Martin Lewis explains how to cut costs on broadband bundles
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Food prices have increased over the last couple of months, despite supermarkets doing their best to entice customers with offers and deals. One shopper has revealed how she spent just £13 on a weekly shop at Tesco with a money saving tip from Martin Lewis.
Martin Lewis is a man on a mission trying to help people save hundreds of pounds.
He and his team at moneysavingexpert.com have created the Downshift Challenge in a bid to cut the cost of a food shop by 30 percent a year.
The Downshift Challenge is simple, “drop one brand level on everything to see if you can tell the difference”.
There are four main brand levels; premium, branded, own brand and value.
So the next time shoppers go to their local supermarket, swap one of everything to a brand level lower.
For example, if you usually buy four cartons of Tesco’s own-brand juice, buy three and one Tesco Everyday Value juice.
If shoppers can’t tell the difference between the lower brand level goods, then why pay more?
Shopper Alexandra Bullard tried the challenge and “paid less than £15 for a lot of supplies”.
In her basket was:
Stockwell & Co 24 Wheat Biscuits 432G (74p)
Tesco 6 Crumpets (25p)
The Growers Harvest Long Grain Rice 1KG (45p)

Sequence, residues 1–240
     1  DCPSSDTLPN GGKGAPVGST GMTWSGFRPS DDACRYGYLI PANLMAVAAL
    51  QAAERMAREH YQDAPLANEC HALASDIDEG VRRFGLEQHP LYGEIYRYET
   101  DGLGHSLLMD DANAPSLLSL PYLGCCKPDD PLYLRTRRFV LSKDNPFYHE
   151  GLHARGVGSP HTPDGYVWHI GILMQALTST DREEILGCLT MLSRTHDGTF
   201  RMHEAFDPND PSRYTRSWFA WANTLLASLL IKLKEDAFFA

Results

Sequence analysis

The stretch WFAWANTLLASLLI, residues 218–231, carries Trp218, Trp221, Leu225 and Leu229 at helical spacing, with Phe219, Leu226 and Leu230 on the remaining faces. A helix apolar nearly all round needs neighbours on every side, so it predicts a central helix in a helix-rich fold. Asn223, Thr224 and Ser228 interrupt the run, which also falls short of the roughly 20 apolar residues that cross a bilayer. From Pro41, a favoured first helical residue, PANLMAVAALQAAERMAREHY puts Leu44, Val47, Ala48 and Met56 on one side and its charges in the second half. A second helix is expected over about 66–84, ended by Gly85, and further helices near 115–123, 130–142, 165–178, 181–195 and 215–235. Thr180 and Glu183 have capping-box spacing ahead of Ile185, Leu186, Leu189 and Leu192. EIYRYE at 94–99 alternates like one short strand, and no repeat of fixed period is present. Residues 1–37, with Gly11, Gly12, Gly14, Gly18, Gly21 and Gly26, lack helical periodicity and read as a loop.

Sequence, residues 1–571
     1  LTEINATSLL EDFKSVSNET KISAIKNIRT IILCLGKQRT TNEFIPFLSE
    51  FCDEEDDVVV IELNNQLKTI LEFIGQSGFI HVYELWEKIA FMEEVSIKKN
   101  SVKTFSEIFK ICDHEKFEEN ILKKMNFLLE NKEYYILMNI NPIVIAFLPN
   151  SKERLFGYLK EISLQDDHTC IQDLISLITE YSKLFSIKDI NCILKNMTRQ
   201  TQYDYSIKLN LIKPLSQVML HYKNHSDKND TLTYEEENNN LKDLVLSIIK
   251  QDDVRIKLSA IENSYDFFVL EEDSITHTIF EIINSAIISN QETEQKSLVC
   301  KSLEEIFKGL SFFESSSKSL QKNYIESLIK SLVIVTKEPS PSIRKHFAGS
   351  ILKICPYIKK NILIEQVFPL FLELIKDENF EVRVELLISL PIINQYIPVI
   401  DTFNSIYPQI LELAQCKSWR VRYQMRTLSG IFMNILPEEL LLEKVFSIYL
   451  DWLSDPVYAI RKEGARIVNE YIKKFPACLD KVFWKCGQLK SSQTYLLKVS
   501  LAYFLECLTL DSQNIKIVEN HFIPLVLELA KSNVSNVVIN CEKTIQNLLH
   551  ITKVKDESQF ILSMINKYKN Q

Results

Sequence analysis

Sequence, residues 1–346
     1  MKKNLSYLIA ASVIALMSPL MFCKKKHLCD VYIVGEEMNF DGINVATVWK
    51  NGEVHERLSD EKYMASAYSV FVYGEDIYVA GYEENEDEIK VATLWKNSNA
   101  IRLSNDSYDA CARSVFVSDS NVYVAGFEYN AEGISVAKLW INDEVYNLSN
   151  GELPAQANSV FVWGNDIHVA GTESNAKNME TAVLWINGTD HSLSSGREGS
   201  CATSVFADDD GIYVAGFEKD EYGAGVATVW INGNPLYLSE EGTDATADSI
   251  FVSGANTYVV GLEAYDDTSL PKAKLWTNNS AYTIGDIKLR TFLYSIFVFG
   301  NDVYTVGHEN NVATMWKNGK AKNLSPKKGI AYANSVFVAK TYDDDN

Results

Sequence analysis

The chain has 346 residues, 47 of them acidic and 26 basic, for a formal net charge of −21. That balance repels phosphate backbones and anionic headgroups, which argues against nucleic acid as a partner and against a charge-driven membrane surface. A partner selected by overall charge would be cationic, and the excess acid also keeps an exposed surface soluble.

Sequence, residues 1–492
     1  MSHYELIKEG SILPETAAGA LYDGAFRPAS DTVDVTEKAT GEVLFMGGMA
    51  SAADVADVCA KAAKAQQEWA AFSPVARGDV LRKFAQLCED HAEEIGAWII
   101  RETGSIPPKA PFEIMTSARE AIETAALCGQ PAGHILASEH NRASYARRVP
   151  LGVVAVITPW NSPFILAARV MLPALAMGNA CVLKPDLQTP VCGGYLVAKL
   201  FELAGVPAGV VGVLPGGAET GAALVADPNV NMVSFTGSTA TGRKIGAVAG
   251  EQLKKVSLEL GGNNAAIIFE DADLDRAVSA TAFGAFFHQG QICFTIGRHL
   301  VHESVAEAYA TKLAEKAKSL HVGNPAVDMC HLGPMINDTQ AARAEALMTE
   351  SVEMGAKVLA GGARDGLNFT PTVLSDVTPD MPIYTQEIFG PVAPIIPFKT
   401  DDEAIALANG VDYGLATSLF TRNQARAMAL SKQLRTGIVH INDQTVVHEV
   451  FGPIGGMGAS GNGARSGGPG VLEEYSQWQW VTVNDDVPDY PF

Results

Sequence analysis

Tesco Oat Drink 1L (£1.00)
Tesco Squeezy Honey 340G (£1.80)
Tesco Coconut Milk 400ml (90p)
Tesco Baked Beans in Tomato Sauce 420G (35p)
Tesco Clementine Or Sweet Easy Peeler Pack 600G (£1.35)
Tesco Vegetable Soup 400G (50p)
Growers Harvest Pure Apple Juice 1 Litre (69p)
Hearty Food Co. Tomato & Herb Pasta Sauce 440G (39p)
Tesco Tuna Chunks In Brine 3X80g (£2.00)
Hearty Food Co. Spaghetti Pasta 500G (20p)
Tesco Smoked Salmon 120 G (£3.00 Clubcard price)
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Alexandra explained: “As I eat mostly fresh vegetables and pulses, these are some of the cheapest items on offer.
“Tins of tuna and coconut milk cost between 90p and £1.50 depending on the quality, and there’s virtually no difference in taste when compared to branded, more expensive, alternatives.
“For breakfast items, I always make sure I have my cupboard stocked with cereal such as Weetabix. The Stockwell & Co version looked very depressing in appearance, with their biscuit sizes tiny in comparison.
“However, they tasted exactly the same as Weetabix. I couldn’t believe I had been paying more for years.”
Alexandra was a “huge fan of Warburtons crumpets” and was “apprehensive” to try Tesco’s own brand.
But, she was “completely shocked” as she “couldn’t tell the difference” – and she saved 70p in the process of swapping.
There was one product Alexandra “wasn’t too keen on” and that was Tesco Baked Beans.
“I noticed a huge difference when I ate this over my toast for breakfast, and I was horrified at how bland and watery it was. Next time I’ll probably stick to Heinz,” Alexandra explained.
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